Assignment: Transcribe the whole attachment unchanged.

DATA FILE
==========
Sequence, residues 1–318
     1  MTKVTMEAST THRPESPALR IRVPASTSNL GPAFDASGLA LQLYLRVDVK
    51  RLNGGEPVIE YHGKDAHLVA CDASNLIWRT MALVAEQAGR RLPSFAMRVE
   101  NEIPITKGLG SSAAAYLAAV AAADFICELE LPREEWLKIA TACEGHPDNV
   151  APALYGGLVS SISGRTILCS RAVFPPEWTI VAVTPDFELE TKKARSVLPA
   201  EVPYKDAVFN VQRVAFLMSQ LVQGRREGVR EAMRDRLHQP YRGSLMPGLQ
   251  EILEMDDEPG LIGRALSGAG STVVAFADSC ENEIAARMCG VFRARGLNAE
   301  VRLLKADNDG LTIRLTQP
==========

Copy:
Sequence, residues 1–318
     1  MTKVTMEAST THRPESPALR IRVPASTSNL GPAFDASGLA LQLYLRVDVK
    51  RLNGGEPVIE YHGKDAHLVA CDASNLIWRT MALVAEQAGR RLPSFAMRVE
   101  NEIPITKGLG SSAAAYLAAV AAADFICELE LPREEWLKIA TACEGHPDNV
   151  APALYGGLVS SISGRTILCS RAVFPPEWTI VAVTPDFELE TKKARSVLPA
   201  EVPYKDAVFN VQRVAFLMSQ LVQGRREGVR EAMRDRLHQP YRGSLMPGLQ
   251  EILEMDDEPG LIGRALSGAG STVVAFADSC ENEIAARMCG VFRARGLNAE
   301  VRLLKADNDG LTIRLTQP